You can use these shortcut keys with all other ZwCAD Explorer elements as well. Ctrl+X to cut. and other formatting characteristics. you can use the Dimension Styles element to cut. text. To display the ZwCAD Explorer Dimension Styles element Choose Tools > Design Center. select Dimension Styles. lines. TIP You can select the dimension style and use the Windows shortcut keys (Ctrl+A to select all.CHAPTER 8 Working with dimension styles From the ZwCAD Explorer. B Lists the names of dimension styles defined in the current drawing. 177 . A dimension style contains the settings that control the appearance of a dimension. you can use the Dimension Settings dialog box to control settings related to the appearance of arrows. and paste dimension styles from one drawing to another. Although you cannot control these settings from within the ZwCAD Explorer. Ctrl+C to copy. units. Ctrl+V to paste) to accomplish the same results. C Click the Dimension Style Name column head to sort by name. Standard toolbar Command line EXPLORER C A B A To display the Dimension Styles settings. copy.

display longer dimension style names and names containing spaces. In the Dimension Settings dialog box. 6 Dimension toolbar Command line DIMSTYLE To change a dimension style name in the current drawing 1 2 Choose Dimension > Style. and then press Enter. To end the command. and then press Enter. type a new name. type a new name. Repeat this step for each tab. and from the shortcut menu. modify them. To complete the command and return to your drawing. and copy them into a different drawing. and then change the dimension settings as necessary. however. Right click the dimension style name you want to change.WORKING WITH THE ZwCAD EXPLORER Creating and naming dimension styles By using the Dimension Styles element in combination with the Dimension Settings dialog box. type a new name. Do one of the following: Select the dimension style. as needed. close the window. • • • 3 Dimension toolbar Command line DIMSTYLE 178 . and then press Enter. you can create new dimension styles. Click Continue. choose Edit > Rename. Click the dimension style name you want to change. In the Dimension Style dialog box. click New. NOTE Dimension style names created or renamed in ZwCAD can have up to 31 characters and cannot include spaces. To create a dimension style 1 2 3 4 5 Choose Dimension > Style. Type the name of the new dimension style. click OK. click one of the other tabs. such as dimension styles created in AutoCAD 2000. ZwCAD will. select Rename.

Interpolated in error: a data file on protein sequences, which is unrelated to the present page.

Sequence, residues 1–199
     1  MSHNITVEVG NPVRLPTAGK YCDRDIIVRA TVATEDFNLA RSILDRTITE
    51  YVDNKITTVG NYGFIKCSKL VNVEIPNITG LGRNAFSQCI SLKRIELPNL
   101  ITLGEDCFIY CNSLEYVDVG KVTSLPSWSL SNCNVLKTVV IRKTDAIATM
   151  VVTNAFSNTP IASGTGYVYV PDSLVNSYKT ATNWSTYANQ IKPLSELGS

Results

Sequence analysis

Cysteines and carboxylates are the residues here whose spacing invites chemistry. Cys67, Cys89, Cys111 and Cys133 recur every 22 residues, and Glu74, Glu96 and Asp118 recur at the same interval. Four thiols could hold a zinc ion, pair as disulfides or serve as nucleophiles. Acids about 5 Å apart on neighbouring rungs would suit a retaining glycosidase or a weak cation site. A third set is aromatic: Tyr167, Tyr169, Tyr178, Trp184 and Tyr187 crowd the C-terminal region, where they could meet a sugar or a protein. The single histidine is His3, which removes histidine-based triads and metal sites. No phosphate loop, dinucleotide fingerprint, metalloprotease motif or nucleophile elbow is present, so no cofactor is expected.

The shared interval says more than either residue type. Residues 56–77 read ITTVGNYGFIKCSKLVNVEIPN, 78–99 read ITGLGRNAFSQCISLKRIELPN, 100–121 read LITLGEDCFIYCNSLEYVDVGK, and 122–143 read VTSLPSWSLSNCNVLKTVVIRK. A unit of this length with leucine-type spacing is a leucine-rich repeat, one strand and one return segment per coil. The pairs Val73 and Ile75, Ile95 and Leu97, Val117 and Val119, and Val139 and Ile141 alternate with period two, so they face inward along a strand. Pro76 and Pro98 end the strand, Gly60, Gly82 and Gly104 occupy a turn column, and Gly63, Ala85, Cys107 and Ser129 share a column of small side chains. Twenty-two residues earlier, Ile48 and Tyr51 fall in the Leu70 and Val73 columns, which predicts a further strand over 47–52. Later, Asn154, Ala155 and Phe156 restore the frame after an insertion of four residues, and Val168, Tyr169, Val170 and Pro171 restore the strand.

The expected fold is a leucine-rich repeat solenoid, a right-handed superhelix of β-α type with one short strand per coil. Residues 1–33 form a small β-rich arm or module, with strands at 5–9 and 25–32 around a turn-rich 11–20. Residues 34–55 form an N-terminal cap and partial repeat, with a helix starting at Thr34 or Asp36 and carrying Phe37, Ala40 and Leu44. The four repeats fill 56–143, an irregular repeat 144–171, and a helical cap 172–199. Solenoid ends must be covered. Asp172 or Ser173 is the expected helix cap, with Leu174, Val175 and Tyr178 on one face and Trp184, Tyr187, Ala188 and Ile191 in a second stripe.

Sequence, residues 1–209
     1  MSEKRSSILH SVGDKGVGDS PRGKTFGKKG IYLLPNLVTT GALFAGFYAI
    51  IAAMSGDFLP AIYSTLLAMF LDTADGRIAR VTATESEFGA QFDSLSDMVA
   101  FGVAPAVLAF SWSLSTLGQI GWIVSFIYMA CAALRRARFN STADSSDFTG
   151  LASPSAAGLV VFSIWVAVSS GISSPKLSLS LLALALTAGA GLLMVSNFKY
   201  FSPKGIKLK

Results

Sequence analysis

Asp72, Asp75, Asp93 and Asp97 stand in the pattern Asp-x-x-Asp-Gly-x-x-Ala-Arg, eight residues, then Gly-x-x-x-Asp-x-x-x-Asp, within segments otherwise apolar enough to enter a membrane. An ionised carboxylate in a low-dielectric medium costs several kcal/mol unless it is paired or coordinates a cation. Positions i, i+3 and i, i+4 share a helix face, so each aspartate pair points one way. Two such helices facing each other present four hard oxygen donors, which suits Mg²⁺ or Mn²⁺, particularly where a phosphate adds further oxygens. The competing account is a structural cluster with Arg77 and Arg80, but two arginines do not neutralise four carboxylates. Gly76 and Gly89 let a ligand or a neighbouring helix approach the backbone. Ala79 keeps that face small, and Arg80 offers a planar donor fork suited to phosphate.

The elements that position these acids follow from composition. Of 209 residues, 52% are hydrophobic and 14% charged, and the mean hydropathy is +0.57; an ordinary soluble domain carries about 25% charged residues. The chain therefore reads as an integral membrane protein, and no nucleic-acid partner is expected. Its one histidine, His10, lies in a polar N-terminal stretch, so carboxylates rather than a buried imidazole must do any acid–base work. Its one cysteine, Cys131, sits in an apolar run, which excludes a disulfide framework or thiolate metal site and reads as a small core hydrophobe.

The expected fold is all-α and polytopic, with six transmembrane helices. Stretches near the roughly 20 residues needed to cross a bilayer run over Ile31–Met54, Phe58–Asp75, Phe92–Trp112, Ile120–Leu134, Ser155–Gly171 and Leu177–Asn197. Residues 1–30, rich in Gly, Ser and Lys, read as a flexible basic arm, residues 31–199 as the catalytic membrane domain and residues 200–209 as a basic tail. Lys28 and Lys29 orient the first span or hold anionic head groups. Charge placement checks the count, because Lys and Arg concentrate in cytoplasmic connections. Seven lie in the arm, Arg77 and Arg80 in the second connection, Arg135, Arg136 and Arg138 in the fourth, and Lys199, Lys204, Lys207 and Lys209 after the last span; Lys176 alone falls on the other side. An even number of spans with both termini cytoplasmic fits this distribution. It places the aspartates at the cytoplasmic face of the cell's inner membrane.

In the right pane. 6 Standard toolbar Command line EXPLORER Each drawing contains a dimension style named Standard. In the left pane. select Paste.CHAPTER 8 To copy a dimension style from one drawing to another 1 2 3 4 5 Choose Tools > Design Center. Click the Dimension Styles element for that drawing. select the drawing to which you want to copy the dimension style. NOTE 179 . From the shortcut menu. and then from the shortcut menu. Right click the dimension style name you want to copy. right click. but you can rename it from within the ZwCAD Explorer or modify its properties in the Dimension Settings dialog box. You cannot delete this dimension style. select Copy.